But Stanislaw Mocek, head of the Collegium Civitas University in Warsaw, said Trzaskowski had a ‘good chance’ of winning in the second round.

Mocek also warned of the risk of a ‘brutal campaign’ if Duda attempts to appeal to far-right voters, whose candidate is also expected to have scored well in Sunday’s vote.

‘This is a decisive time. A lot will really depend on this decision,’ anti-communist icon Lech Walesa said as he cast his vote in the northern port of Gdansk wearing a transparent plastic visor over his face.

Walesa, who was elected Poland’s first democratic president in 1990, has been a trenchant critic of the current government. 

The campaign was dominated by concerns over an erosion of democratic rights and bread and butter economic issues. Poland faces its first recession since the end of communism because of the pandemic fallout.

Election officials wear face masks and plastic face shields as they empty out a ballot box before counting the votes following the first round of the presidential election in Krakow

Election officials wear face masks and plastic face shields as they empty out a ballot box before counting the votes following the first round of the presidential election in Krakow

Election officials wear face masks and plastic face shields as they prepare to count ballots following the first round of the presidential election in Krakow, Poland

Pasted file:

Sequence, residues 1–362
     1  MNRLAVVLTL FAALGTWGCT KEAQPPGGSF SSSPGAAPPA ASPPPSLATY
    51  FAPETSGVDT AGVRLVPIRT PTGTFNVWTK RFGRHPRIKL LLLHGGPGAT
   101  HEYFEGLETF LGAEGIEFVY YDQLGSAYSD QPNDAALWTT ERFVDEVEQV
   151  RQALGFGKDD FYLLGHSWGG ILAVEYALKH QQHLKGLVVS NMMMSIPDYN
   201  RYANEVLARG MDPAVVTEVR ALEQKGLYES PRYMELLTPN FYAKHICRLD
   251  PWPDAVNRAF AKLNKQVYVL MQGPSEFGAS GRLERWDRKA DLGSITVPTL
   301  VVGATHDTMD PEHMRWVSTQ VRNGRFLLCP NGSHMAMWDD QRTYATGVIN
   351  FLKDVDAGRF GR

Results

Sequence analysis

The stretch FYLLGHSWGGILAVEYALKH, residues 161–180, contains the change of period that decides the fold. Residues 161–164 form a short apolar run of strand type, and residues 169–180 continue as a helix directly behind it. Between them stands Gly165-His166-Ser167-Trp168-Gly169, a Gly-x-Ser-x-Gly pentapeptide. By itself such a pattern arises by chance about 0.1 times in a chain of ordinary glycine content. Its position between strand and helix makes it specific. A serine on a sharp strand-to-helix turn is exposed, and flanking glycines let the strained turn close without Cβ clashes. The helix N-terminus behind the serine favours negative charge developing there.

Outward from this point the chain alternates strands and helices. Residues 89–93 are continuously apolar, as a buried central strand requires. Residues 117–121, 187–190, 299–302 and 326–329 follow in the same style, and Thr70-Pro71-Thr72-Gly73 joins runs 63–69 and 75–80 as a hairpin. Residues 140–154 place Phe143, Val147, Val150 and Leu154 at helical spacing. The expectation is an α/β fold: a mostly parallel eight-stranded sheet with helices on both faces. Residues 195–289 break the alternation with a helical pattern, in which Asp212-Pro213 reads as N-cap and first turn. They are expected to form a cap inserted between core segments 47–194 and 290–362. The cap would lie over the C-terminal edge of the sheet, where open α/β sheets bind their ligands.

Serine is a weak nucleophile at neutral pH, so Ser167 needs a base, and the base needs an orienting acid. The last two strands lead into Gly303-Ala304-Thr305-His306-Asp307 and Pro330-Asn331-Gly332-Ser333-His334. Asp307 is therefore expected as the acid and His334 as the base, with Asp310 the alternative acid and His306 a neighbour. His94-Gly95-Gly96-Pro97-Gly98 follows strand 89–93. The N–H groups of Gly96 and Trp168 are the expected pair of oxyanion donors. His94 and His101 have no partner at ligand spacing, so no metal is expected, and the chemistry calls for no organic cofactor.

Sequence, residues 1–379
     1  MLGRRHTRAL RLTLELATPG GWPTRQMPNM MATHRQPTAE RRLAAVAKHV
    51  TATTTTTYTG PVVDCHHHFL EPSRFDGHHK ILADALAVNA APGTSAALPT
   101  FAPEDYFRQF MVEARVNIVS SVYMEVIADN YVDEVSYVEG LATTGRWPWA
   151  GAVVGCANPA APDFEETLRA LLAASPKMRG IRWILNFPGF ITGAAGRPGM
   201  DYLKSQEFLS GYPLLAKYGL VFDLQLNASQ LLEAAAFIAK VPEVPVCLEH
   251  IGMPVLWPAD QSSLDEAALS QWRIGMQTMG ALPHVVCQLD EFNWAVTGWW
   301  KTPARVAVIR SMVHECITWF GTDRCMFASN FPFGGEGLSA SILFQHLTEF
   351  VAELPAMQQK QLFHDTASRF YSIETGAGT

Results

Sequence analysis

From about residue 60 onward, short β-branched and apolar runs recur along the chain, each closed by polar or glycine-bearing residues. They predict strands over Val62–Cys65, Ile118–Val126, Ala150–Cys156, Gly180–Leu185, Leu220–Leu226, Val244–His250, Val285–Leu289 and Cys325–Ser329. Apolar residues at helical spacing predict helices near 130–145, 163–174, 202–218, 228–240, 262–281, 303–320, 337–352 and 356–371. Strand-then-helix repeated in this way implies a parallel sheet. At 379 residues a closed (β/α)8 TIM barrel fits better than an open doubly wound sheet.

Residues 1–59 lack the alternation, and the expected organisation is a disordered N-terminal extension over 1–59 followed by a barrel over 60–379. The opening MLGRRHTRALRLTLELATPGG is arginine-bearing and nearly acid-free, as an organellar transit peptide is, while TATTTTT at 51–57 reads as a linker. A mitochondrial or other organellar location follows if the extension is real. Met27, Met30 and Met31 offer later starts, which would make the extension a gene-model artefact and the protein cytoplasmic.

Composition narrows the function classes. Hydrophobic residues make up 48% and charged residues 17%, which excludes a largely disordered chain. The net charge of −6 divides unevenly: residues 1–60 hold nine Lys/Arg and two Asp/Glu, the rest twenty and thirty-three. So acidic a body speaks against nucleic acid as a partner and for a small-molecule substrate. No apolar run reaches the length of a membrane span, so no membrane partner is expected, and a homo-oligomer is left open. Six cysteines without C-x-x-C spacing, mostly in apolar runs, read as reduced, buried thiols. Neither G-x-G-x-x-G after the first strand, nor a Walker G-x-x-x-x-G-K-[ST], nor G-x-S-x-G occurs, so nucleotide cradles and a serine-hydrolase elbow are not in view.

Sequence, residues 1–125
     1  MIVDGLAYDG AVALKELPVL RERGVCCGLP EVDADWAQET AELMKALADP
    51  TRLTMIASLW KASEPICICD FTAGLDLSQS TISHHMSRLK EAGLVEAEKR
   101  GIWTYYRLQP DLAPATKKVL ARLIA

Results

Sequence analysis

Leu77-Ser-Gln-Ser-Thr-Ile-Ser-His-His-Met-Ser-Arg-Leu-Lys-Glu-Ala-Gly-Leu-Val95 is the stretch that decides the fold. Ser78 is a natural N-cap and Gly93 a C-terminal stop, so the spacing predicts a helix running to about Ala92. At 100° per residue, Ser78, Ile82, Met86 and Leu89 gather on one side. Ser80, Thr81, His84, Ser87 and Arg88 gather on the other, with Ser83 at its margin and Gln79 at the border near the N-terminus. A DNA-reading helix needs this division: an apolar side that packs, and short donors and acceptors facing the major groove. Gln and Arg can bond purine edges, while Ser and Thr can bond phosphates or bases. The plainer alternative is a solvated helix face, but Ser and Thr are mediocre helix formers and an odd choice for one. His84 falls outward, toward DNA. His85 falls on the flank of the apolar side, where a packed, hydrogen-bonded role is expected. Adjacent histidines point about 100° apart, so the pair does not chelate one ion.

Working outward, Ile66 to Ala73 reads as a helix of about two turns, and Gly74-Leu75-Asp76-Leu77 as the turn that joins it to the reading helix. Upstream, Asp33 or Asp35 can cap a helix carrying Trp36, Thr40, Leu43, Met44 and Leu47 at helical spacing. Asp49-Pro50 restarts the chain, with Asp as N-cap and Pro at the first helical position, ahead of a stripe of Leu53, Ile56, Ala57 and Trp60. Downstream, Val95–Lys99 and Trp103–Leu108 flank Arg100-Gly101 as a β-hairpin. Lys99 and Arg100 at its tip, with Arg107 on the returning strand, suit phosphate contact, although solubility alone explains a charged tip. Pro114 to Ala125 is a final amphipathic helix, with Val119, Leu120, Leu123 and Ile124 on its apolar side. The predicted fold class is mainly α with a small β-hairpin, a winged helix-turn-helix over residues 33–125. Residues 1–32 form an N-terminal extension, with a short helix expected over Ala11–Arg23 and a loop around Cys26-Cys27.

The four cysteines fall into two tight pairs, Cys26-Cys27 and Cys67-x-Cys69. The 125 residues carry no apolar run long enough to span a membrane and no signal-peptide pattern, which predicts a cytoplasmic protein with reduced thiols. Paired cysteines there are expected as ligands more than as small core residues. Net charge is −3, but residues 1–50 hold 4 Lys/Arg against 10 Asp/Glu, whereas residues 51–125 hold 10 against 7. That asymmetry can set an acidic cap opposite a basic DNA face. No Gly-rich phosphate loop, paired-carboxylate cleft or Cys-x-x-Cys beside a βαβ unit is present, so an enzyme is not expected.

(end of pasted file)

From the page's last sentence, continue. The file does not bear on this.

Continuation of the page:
Election officials wear face masks and plastic face shields as they prepare to count ballots following the first round of the presidential election in Krakow, Poland

‘I voted for Trzaskowski of course! Why? For democracy, the judiciary and respect for minorities,’ said Joanna Ugniewska, 66, after casting her ballot at a polling station in a school in Warsaw city centre.

But in Tarnow in southern Poland, a PiS stronghold, Andrzej Guzik said he would be voting for Duda because of his consistent leadership.

‘Personally I only see Duda as president,’ said Guzik, 52, an employee at the PGNIG state gas company.

Poland’s government has implemented popular social welfare payments in recent years, which Trzaskowski has promised to retain if he wins. 

Victory for Duda would cement the party’s hold on power – at least until the next scheduled parliamentary elections in 2023.

But defeat could see its influence unravel and trigger early elections.

A supporter of Polish President and member of the right-wing Law and Justice (PiS) party, Andrzej Duda celebrates before Duda spoke following initial results in the Polish presidential election during the coronavirus pandemic on June 28

A supporter of Polish President and member of the right-wing Law and Justice (PiS) party, Andrzej Duda celebrates before Duda spoke following initial results in the Polish presidential election during the coronavirus pandemic on June 28

During the campaign, Duda stoked controversy by echoing PiS attacks on gay rights and Western values.

He likened ‘LGBT ideology’ to a new form of communism.

Trzaskowski, however, supports gay rights and says he is open to the idea of same-sex civil partnerships.

Campaigning with the slogan ‘Enough is Enough’, Trzaskowski has promised a different Poland.

But critics say his party is weak and ineffectual and that his record as mayor is mixed. 

Read more at DailyMail.co.uk